Several practices at One Buc Place are open to the public, no ticket required. Admission and parking are free. Fans also can enjoy discounted concessions, autograph sessions and appearances by the Buccaneers cheerleaders and the Captain Fear mascot.
The popular night practice at Raymond James Stadium starts at 6:45 p.m. Saturday. Parking lots will open at 2:30 p.m., with autograph vouchers — required for all active-player signings — distributed through the box office in the South Plaza starting at 3 p.m., and autograph sessions beginning at 4 p.m. A fireworks show will end the evening. Practices open to the public (dates and times subject to change):
Today: 8:45-11:30 a.m. Saturday: 6:45-9 p.m. (at Raymond James Stadium) Monday: 8:45-11:30 a.m. Wednesday: 8:45-11:30 a.m. Thursday: 8:45-11:30 a.m. Aug. 2: 8:45-11:30 a.m. Aug. 3: 8:45-11:30 a.m. Aug. 6: 8:45-11:30 a.m. Aug. 10: 10:10 a.m.-12:45 p.m.
Preseason schedule Aug. 8: Baltimore, 7:30 p.m. Aug. 16: at New England, 8 p.m. Aug. 24: at Miami, 7:30 p.m. Aug. 29: Washington, 7:30 p.m.
Bucs rookie CB Johnthan Banks doesn't presume to have all the answers. But he knows where to find 'em. The second-round draft pick out of Mississippi State figures to play a prominent role for Tampa Bay this fall, vying for a starting spot opposite Pro Bowl corner Darrelle Revis. Banks, 23, is savvy enough to shadow Revis during training camp and pick up some pointers. "I talk to (Revis) all the time," Banks said after Thursday's opening practice. "If I see him talking to a coach, I'm going over there to listen. He's the best at what he does, so why not listen to the best?"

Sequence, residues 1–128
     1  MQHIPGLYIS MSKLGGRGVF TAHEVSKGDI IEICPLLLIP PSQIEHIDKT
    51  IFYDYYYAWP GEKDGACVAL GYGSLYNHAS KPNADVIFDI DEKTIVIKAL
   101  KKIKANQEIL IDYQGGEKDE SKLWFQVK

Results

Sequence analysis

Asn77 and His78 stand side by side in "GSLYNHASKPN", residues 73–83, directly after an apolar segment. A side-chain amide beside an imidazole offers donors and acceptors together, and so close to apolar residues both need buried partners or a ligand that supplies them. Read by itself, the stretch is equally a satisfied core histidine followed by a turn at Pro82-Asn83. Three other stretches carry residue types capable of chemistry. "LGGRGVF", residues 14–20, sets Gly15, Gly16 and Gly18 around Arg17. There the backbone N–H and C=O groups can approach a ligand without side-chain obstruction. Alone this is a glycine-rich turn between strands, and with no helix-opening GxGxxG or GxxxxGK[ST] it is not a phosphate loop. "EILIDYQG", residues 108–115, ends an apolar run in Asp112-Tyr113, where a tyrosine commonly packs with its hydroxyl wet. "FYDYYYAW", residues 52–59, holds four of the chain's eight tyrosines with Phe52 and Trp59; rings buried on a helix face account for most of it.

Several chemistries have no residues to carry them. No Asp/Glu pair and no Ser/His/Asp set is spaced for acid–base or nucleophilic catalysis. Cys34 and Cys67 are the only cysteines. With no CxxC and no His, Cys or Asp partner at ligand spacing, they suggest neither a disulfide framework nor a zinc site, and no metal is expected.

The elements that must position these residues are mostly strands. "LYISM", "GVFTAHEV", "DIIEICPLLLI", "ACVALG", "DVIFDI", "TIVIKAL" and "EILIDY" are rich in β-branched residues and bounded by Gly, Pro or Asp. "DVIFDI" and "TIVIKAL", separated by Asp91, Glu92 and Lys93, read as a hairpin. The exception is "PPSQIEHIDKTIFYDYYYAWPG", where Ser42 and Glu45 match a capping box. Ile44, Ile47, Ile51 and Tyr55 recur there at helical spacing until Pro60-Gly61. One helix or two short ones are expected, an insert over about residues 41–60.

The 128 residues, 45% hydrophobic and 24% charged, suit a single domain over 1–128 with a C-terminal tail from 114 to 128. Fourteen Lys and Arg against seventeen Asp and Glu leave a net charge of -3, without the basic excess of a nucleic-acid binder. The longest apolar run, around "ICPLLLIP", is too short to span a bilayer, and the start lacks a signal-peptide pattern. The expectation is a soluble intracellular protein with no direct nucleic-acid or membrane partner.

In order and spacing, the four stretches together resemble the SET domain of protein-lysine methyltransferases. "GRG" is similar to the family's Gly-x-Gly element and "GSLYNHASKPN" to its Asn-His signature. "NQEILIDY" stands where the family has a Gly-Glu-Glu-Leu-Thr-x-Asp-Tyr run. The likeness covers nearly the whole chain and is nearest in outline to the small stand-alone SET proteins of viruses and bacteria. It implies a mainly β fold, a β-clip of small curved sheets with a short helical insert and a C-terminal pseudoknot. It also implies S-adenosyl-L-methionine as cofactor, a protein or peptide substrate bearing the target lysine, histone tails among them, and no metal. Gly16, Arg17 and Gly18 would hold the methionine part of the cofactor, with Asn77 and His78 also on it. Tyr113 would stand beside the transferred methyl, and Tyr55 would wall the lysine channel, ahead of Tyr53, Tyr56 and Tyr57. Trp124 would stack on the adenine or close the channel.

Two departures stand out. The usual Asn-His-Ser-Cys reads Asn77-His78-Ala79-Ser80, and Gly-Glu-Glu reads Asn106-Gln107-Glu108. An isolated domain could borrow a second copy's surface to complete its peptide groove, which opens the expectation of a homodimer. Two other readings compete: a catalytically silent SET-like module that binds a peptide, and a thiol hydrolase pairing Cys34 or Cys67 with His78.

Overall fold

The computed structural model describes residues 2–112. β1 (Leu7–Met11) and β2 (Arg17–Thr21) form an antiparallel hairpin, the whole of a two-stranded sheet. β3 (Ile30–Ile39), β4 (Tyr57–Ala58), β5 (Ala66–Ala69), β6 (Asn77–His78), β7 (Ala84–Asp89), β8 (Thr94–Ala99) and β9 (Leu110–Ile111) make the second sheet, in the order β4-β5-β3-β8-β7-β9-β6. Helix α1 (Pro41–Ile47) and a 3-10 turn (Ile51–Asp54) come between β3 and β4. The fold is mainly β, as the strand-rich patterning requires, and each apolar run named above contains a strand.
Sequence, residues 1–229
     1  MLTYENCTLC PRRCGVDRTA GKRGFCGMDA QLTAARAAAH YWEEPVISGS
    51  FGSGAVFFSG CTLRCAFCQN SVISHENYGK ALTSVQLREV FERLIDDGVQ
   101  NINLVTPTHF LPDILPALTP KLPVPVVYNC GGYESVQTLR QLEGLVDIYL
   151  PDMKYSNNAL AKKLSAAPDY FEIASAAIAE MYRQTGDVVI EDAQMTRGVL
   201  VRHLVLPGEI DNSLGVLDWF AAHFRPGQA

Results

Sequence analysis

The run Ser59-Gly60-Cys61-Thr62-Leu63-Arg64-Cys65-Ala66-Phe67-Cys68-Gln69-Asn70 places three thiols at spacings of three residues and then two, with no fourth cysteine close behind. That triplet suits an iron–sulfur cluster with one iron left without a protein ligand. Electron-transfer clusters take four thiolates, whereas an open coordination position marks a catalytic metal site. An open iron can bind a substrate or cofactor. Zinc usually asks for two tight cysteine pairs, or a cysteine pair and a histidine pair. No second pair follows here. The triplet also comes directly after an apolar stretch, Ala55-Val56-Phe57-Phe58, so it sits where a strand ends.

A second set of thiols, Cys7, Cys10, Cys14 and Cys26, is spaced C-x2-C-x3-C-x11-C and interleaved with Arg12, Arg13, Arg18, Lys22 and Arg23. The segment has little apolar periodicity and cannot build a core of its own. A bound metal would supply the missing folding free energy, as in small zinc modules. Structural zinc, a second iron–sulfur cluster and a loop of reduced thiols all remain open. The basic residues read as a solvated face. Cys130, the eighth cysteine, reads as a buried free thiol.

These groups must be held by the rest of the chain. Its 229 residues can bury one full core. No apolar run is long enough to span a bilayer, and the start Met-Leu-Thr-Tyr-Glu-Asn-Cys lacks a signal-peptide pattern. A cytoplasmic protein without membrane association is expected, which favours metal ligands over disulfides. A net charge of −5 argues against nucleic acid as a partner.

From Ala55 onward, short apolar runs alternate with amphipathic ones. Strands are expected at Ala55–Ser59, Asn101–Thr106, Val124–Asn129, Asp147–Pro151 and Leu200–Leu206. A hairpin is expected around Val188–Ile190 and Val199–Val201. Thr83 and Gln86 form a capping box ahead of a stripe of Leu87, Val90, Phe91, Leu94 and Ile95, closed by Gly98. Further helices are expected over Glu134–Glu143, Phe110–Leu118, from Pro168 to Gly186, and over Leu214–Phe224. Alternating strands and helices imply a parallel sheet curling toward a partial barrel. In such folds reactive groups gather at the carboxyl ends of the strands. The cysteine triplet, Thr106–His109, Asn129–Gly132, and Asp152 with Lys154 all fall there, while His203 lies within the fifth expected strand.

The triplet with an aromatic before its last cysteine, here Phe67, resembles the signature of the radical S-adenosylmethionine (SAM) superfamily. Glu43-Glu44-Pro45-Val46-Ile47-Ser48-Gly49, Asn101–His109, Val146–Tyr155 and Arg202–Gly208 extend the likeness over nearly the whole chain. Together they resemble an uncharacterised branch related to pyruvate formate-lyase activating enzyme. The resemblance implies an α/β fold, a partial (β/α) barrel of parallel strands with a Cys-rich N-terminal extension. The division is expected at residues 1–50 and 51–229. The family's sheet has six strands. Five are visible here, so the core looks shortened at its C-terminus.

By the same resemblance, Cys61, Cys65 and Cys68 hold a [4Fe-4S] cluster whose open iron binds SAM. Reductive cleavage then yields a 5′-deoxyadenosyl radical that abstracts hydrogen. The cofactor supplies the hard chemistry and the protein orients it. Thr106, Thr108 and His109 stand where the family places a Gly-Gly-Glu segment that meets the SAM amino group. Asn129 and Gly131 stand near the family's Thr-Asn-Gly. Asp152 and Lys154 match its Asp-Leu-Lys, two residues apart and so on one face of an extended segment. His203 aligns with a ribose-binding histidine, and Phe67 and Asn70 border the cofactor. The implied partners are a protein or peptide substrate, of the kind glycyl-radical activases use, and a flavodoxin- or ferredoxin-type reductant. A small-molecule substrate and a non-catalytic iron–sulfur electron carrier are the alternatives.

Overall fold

Banks won the Jim Thorpe Award last year as the nation's top college defensive back. His lack of elite speed scared off some NFL scouts, but the Bucs like his mental makeup and 6-foot-2 frame. "He's very long and athletic," Bucs WR Tiquan Underwood said. "They threw him right into the fire today, and Banks responded very well." Banks knows he's stepping up in class. He's not in the SEC anymore, and the NFC South is loaded with big-play receivers such as Roddy White, Julio Jones, Steve Smith and Marques Colston. "Guys in the pros are bigger, faster and smarter," he said. "But I know the playbook, and my confidence level is very high right now." Weather conditions K Lawrence Tynes has played nine NFL seasons, and in all that time he has played just 11 games in a domed stadium. That's about to change, and Tynes can't wait. The Bucs will play four games this season in domes - at Atlanta, Detroit, St. Louis and New Orleans. Tynes expects those games, plus the mild Tampa weather, to allow him to expand his range a little bit. "I can make any field goal on the field," said Tynes, who signed with Tampa Bay last week after K Connor Barth tore an Achilles tendon playing in a charity basketball tournament. "But a lot is dictated by weather." Tynes spent the past six seasons with the New York Giants kicking primarily in the East Rutherford, N.J., wind tunnel that is MetLife Stadium. Whether it's due to weather or something else, Tynes has made just 51 of 77 field-goal tries of 40 yards or more in his career, including 11 of 21 from 50 yards or more. "That's why I'm excited about this opportunity here," said Tynes, who is competing in training camp with undrafted rookie Derek Dimke. "The weather here is beautiful.'' Duel in the sun Entering his fifth NFL season and second with the Bucs, Underwood knows better than to take a roster spot for granted. Underwood, who played for Tampa Bay coach Greg Schiano at Rutgers, made some big catches for the Bucs last fall, including a 62-yard reception against Kansas City. Now, Underwood is facing a major challenge to keep his job as a No. 3 receiver who excels at working the middle of the field. The Bucs signed Kevin Ogletree as a free agent from Dallas, and there are some younger wideouts in the mix as Tampa Bay sorts out its 2013 depth chart. "It's part of the game,'' Underwood said. "Me and Kevin understand it's a battle, but we help each other. We're teammates trying to help each other with our craft. At the end of the day, the best man will win.'' Both sides now Only three years removed from a 1,177-yard season with the Browns, RB Peyton Hillis comes to the Bucs hoping to contribute in any manner as a backup to rookie sensation Doug Martin. "I've been humbled the past couple of years, and I'm happy to be in a place where they want me, a place I can try to produce again,'' said Hillis, who averaged only 3.6 yards per carry in the past two years with Cleveland and Kansas City. Ira Kaufman, Roy Cummings